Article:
When Woody Harrelson signed on to play Steve Schmidt and Haymitch Abernathy in “Game Change” and “The Hunger Games” respectively, he likely wasn’t thinking that the roles are actually strange mirrors of one another (although, who’s to say what Harrelson is thinking really?). Aside from the obvious similarities - both films are adaptations of books and they each have the word “game” in the title - there are some equally clear distinctions.
Steve Schmidt is, of course, the campaign strategist who functioned as the senior adviser on the 2008 John McCain Presidential bid. Haymitch Abernathy is a fictional character who resides within the world of author Suzanne Collins's novel “The Hunger Games,” an imagined dystopic future where North America has been reduced to a conglomerate of 12 “districts” which are presided over by a dangerously self-indulgent “Capitol.”
After I watched the "Mad Men" premiere (which I reviewed here), I did a couple of interviews about the events of it that I agreed to run the morning after it aired. One was with creator Matthew Weiner, and this one is with Roger Sterling himself, John Slattery. Slattery and I spoke about Roger's position in the agency, his reaction to a familiar character's return to the office, and, in non-spoiler territory, about his experience directing his third episode this season (he and I discussed his directorial debut last season), and how Jon Hamm did when he followed in Slattery's footsteps and got behind the camera, all coming up just as soon as I buy myself a very beautiful picture of something to look at...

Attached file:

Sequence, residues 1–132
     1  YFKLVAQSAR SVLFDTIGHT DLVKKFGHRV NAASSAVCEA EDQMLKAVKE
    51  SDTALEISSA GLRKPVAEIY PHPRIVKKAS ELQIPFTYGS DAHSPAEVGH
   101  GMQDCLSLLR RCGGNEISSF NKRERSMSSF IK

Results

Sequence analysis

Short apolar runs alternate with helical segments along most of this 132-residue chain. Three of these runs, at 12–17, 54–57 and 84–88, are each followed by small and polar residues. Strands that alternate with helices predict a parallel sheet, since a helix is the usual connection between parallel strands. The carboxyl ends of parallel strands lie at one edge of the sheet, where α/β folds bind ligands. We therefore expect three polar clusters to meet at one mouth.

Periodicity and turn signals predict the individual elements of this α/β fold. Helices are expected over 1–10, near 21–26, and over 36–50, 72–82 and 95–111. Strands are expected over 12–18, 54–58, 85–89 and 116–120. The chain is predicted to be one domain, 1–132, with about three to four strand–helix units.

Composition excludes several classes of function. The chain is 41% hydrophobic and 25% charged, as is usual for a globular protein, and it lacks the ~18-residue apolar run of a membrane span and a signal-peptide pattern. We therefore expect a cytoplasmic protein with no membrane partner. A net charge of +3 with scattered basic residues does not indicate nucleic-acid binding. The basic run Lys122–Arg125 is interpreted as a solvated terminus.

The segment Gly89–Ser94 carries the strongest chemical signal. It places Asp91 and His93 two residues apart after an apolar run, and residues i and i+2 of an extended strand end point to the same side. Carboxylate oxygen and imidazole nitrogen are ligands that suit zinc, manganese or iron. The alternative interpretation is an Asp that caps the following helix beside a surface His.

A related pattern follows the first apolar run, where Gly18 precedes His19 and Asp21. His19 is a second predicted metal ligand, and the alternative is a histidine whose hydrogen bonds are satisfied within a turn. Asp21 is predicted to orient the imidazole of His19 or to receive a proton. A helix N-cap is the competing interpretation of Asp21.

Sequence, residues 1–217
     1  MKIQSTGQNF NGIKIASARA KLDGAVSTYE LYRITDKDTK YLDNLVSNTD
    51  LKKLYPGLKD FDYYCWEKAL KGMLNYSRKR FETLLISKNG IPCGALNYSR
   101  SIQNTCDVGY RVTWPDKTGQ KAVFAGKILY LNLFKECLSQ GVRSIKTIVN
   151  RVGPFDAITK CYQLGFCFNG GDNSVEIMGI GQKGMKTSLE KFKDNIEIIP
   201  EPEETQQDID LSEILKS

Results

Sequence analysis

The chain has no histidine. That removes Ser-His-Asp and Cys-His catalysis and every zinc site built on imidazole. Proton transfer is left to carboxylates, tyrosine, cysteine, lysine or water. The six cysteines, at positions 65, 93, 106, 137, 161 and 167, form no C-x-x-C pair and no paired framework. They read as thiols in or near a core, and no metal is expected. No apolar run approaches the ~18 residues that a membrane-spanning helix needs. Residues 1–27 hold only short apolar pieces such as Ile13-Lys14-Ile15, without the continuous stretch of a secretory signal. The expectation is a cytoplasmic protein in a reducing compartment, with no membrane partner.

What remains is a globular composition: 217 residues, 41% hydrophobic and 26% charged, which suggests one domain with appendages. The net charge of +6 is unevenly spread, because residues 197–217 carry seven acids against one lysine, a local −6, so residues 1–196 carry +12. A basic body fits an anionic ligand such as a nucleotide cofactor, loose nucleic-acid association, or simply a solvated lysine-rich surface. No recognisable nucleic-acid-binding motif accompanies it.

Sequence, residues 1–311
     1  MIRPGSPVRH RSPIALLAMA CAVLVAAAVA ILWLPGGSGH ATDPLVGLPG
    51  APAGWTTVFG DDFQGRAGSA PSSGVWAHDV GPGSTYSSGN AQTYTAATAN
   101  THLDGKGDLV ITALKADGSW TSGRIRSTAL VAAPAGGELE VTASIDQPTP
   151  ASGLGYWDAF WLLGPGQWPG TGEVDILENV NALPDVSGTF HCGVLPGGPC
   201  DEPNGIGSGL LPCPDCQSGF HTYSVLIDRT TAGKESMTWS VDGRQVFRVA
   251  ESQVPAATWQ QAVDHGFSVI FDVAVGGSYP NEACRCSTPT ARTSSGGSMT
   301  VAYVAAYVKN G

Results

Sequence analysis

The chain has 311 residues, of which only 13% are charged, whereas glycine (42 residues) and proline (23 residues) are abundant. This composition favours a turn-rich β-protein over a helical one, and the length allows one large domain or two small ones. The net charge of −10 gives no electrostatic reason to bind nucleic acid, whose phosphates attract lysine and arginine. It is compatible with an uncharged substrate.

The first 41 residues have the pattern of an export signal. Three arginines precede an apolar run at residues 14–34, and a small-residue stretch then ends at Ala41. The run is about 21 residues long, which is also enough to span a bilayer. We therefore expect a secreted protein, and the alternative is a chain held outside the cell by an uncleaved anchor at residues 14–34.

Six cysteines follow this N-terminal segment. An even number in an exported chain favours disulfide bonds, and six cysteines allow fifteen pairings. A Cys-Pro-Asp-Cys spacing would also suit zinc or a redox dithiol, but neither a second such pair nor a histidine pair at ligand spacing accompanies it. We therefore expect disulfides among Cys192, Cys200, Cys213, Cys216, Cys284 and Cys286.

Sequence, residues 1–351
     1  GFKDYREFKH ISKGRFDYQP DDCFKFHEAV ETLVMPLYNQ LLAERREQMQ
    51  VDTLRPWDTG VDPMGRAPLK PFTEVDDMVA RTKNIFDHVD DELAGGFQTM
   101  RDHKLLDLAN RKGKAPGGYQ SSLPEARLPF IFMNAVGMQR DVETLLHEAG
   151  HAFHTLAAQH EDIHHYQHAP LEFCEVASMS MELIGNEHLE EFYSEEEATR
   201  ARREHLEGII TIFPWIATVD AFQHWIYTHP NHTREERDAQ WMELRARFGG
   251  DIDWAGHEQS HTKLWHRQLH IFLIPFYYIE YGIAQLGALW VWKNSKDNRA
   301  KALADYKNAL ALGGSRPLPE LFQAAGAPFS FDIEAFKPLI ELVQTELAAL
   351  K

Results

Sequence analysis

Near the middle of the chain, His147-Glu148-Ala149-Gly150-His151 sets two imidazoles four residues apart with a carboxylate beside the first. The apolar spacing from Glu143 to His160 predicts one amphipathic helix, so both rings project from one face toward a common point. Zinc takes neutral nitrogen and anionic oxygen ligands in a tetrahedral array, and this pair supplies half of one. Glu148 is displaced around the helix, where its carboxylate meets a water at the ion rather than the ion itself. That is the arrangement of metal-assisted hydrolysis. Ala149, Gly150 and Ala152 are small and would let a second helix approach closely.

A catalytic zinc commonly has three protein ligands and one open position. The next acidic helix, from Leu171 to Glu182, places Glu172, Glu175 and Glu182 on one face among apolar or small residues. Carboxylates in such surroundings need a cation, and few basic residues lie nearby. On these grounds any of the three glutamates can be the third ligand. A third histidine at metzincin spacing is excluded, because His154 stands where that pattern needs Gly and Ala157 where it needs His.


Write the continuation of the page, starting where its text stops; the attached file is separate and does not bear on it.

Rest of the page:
"Mad Men" creator Matthew Weiner is famously tight-lipped about what's happening on the show before it airs, but he was willing to talk to me about the events of the season 5 premiere (which I reviewed here), provided I posted the interview the morning after it aired. So here's Weiner discussing why the season is set when it's set, why not every character appeared in the premiere, and more, all coming up just as soon as we all go water skiing together...